Sure, there’s Elf on the Shelf, but what has more holiday spirit than an eel in a tank?
At least, one specific eel, anyway. Miguel Wattson, an electric eel living at Tennessee Aquarium in Chattanooga, is bringing some Christmas magic to visitors. The aquarium hooked Miguel up to a string of Christmas tree lights so that whenever he generates an electric pulse, the tree lights up.
You can see Miguel in action in a video posted by the aquarium.
If you’re wondering how exactly that works, there’s an important caveat: It’s not actually Miguel powering the tree. At least, not directly. Rather, scientists use a sensor to measure whenever the slick fish lets off an electric pulse. Those jolts trigger a system that lights up the tree accordingly, in sync with Miguel’s activity.
It’s not only Christmas magic that Miguel can “communicate” in this way. Miguel has wowed fans for years with his sparky energy through lights and a sound board at the aquarium, enabling visitors to see and hear his electricity. He even has a Twitter — @EelectricMiguel — his pulses trigger onomatopoeic messages like “ZWUMP!!!!” and “BAZAMM!!!!” and “ZWOP!!!!!!”
However they’re represented, an electric eel’s pulses vary in strength, and they can mean different things, according to a July 2019 study.
Bigger pulses could suggest Miguel is excited or eating, while smaller ones may indicate he’s searching for food or navigating his tank, AP reports.
“You can see a difference between those two on the tree,” Kimberly Hurt, an aquarist and one of Miguel’s caretakers, told NPR. The low voltage pulses show up as the “gentle blinking” of Christmas lights, and those with higher voltage give way to brighter flashes.
While Miguel’s main superpower seems to be wowing crowds of visitors, these sparky eels have contributed to science in some curious ways.
Researchers at the University of Michigan drew inspiration from nature to create a new “body-friendly” power source — an artificial electric organ. They describe their “electric-eel-inspired power concept” in a study published in 2017 in Nature.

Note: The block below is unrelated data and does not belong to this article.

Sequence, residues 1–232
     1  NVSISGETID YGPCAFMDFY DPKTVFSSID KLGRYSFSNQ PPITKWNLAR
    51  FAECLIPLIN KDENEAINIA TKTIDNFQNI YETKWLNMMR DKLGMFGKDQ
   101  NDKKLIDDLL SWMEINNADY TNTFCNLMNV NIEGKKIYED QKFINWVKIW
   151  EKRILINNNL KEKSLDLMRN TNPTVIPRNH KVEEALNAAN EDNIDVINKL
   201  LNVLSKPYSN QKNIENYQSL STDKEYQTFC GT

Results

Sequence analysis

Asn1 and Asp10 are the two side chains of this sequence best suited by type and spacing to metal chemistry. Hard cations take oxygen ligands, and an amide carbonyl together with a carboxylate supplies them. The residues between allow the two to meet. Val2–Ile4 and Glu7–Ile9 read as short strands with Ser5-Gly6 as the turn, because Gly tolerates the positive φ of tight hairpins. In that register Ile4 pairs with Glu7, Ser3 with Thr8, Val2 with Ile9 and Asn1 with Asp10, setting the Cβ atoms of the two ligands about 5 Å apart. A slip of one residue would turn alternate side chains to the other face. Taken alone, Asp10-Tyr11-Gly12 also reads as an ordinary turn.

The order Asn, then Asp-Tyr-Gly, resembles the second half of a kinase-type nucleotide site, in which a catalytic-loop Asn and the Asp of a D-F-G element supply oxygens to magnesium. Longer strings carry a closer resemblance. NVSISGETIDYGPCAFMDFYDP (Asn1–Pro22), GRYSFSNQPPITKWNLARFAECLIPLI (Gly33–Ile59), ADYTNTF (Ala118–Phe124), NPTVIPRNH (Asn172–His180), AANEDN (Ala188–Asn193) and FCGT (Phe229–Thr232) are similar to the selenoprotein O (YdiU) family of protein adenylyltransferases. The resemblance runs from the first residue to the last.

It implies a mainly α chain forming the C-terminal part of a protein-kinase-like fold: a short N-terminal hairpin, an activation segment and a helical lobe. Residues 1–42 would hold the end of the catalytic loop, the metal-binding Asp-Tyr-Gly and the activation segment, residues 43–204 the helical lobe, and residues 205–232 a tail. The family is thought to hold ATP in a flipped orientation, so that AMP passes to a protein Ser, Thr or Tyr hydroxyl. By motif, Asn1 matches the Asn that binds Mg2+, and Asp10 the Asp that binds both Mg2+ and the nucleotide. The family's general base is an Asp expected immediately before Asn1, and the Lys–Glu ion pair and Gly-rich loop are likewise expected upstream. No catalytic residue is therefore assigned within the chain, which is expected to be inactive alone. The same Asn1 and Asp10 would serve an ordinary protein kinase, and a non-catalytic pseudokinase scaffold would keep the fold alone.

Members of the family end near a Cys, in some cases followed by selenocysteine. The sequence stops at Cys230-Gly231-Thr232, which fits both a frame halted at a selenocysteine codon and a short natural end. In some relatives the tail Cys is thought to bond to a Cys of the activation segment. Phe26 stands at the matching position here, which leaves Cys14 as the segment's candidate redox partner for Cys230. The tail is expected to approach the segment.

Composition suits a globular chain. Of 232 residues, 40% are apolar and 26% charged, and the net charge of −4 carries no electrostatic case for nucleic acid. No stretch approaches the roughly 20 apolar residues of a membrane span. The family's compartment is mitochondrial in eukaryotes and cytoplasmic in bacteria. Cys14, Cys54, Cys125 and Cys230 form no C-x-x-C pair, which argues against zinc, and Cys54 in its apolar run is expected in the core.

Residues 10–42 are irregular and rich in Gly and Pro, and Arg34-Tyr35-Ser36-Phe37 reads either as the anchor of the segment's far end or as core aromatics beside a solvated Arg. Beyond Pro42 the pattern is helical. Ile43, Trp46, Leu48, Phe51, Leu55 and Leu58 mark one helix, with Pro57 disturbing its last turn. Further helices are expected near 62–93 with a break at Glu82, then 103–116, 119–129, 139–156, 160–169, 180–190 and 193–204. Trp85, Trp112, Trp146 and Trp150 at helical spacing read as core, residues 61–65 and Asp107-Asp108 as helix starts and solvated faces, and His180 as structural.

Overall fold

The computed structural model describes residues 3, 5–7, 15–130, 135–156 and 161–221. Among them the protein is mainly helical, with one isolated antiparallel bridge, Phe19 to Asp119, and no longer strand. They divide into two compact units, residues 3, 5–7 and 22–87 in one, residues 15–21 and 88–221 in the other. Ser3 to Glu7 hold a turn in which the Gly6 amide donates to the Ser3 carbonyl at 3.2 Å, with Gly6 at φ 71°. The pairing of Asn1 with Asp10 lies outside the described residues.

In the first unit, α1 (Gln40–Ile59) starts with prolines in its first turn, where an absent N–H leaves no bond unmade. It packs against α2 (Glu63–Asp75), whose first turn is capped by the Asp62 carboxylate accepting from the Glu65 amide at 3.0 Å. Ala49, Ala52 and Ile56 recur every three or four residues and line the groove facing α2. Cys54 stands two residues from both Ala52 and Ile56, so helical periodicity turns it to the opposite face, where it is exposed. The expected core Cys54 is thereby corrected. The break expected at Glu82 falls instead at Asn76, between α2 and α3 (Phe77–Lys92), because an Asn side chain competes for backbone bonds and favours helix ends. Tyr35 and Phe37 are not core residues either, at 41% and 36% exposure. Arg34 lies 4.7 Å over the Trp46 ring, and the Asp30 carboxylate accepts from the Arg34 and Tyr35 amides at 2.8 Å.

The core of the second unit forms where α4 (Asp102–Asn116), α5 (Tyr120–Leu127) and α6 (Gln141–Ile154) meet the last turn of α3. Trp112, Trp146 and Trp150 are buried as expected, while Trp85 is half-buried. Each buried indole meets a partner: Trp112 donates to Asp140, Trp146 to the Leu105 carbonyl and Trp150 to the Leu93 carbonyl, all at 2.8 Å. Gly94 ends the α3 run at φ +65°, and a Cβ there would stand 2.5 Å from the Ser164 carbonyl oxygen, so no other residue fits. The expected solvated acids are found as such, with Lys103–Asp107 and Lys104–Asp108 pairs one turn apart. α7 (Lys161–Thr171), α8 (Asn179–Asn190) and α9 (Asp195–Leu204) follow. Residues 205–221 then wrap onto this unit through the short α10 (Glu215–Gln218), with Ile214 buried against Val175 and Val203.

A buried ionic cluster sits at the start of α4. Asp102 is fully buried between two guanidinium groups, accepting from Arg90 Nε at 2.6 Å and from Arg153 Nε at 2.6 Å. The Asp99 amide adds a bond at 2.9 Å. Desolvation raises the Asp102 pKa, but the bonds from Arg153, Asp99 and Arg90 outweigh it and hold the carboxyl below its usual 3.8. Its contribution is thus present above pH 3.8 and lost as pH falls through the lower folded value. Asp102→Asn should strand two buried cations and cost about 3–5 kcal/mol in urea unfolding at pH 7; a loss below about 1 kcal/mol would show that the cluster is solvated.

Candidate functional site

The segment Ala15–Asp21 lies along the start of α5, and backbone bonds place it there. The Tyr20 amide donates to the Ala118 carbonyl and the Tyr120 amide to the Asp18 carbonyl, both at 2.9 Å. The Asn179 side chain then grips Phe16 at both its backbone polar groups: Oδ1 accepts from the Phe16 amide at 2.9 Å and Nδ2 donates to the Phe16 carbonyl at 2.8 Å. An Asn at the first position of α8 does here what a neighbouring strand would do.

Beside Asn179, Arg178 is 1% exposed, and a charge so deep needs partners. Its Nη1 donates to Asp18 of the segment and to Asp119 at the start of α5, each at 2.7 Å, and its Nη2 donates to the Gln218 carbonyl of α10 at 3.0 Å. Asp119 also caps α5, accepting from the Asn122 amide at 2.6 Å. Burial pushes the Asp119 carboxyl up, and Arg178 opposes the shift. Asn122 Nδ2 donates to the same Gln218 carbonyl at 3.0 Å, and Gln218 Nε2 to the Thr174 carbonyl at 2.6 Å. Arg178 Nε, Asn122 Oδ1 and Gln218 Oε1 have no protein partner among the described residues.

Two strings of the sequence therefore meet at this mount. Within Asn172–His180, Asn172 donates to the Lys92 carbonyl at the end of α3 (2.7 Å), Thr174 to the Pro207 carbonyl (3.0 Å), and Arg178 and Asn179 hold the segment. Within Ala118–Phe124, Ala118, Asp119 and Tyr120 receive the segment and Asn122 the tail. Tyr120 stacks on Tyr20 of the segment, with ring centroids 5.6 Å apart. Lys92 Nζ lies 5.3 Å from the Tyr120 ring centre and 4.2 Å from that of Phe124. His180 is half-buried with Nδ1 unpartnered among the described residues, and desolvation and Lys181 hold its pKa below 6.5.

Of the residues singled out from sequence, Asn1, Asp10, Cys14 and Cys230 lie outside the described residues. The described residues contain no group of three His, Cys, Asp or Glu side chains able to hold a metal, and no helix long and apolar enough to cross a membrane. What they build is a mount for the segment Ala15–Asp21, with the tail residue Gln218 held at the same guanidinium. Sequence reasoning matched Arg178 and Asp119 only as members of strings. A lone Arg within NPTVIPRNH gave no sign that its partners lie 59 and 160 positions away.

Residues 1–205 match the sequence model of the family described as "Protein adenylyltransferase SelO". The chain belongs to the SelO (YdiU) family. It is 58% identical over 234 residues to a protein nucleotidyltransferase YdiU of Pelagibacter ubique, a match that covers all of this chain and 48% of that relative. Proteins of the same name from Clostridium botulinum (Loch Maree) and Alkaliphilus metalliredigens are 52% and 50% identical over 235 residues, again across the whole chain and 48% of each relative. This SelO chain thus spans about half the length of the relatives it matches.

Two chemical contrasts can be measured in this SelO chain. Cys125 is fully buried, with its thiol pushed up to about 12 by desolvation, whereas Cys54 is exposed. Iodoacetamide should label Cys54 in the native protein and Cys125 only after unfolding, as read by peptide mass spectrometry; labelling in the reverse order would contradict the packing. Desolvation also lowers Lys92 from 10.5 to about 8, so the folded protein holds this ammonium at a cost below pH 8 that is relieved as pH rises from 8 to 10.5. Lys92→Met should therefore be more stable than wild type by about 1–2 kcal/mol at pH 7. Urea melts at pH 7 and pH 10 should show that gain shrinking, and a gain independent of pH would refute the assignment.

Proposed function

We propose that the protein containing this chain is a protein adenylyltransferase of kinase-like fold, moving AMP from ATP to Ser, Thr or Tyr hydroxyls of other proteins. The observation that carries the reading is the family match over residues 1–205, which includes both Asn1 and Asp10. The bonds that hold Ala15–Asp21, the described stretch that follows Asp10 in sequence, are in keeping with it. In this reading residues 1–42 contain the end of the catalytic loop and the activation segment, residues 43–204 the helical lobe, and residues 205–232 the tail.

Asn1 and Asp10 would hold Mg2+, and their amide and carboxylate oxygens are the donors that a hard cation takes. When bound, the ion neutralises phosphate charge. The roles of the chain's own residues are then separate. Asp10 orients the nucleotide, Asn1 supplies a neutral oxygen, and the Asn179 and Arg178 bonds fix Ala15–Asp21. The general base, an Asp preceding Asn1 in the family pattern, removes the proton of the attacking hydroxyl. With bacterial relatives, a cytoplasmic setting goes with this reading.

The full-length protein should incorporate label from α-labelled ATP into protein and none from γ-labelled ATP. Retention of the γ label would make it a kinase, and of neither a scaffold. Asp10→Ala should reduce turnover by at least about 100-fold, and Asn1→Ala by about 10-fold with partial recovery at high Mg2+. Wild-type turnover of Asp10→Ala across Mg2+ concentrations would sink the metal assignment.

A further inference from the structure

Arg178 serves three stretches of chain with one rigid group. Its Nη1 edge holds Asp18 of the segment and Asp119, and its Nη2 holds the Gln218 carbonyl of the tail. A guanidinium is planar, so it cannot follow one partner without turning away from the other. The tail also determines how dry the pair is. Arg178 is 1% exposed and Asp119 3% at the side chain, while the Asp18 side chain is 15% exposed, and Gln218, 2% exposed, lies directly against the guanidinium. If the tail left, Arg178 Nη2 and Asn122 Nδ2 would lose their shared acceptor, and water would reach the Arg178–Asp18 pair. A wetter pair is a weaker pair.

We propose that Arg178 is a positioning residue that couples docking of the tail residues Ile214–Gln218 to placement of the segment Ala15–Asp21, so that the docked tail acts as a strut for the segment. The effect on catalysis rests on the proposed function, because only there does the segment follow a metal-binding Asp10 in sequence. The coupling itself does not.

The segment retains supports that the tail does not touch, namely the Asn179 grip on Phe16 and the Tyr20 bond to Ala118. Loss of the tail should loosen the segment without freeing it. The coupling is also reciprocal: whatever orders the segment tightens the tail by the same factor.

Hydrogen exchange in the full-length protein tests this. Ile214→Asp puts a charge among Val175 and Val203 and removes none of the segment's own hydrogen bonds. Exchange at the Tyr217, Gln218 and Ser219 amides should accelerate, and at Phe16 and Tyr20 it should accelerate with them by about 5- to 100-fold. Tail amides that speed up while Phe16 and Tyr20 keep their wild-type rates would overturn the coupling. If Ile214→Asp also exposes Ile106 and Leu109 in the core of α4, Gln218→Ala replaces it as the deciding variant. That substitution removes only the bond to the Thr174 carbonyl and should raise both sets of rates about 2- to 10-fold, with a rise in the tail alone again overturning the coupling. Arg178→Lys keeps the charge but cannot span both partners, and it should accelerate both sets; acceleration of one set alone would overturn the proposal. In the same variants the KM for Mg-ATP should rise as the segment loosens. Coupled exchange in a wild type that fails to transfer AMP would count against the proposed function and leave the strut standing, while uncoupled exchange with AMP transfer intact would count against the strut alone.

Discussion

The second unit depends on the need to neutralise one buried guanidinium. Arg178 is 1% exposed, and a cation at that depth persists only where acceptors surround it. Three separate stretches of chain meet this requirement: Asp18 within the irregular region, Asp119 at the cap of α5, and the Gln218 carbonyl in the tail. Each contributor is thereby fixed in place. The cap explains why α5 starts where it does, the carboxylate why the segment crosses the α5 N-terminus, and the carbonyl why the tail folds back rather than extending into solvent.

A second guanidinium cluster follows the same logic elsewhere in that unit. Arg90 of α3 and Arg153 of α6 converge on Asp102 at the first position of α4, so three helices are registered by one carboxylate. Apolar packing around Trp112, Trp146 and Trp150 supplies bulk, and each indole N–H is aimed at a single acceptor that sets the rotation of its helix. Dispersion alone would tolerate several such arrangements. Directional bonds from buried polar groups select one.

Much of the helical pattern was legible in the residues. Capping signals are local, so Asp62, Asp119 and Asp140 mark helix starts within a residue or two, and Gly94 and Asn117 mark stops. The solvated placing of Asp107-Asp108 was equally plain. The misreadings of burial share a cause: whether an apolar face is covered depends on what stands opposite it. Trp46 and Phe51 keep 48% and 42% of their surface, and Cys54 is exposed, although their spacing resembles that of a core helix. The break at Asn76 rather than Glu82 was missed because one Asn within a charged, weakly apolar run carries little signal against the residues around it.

The invention is a flexible and transparent battery that can be powered with a saltwater solution. The researchers plan to tweak the device so that it can run on humans’ body fluids. Then, it could be implanted in humans, offering an alternative power source for devices like health monitors and medication dispensers.
Like an electric eel, the device works by moving ions across a selective membrane to produce power, the researchers say. As they continue to improve upon their model, the researchers are still taking notes from eels and their internal power systems.
Turning hunting into health
In truth, eels’ electricity has a darker purpose.
Electric eels use mild electric pulses to track prey — they then stun the target with intense jolts. They also use electricity to ward off predators. With about 6,000 specialized cells, they’re able to generate the power to do this, reports National Geographic.
Humans don’t need to worry too much. Death by electric eel is extremely rare. But these shocks are nothing to shrug at — they can stun humans and cause people to drown.
Electric eels can even jump out of the water to attack their prey, as Inverse has previously reported. In a gnarly video, Vanderbilt University biologist Ken Catania confirmed that fact using a rather unlikely subject: his own arm. Badass. Happy holidays y’all.